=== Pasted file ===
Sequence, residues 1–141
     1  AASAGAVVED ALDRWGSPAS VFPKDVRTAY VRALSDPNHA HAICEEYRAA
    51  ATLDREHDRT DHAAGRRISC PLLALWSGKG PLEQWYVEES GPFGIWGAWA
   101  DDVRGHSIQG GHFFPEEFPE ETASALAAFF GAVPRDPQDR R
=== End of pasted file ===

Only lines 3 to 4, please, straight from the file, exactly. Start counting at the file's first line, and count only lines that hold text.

    51  ATLDREHDRT DHAAGRRISC PLLALWSGKG PLEQWYVEES GPFGIWGAWA
   101  DDVRGHSIQG GHFFPEEFPE ETASALAAFF GAVPRDPQDR R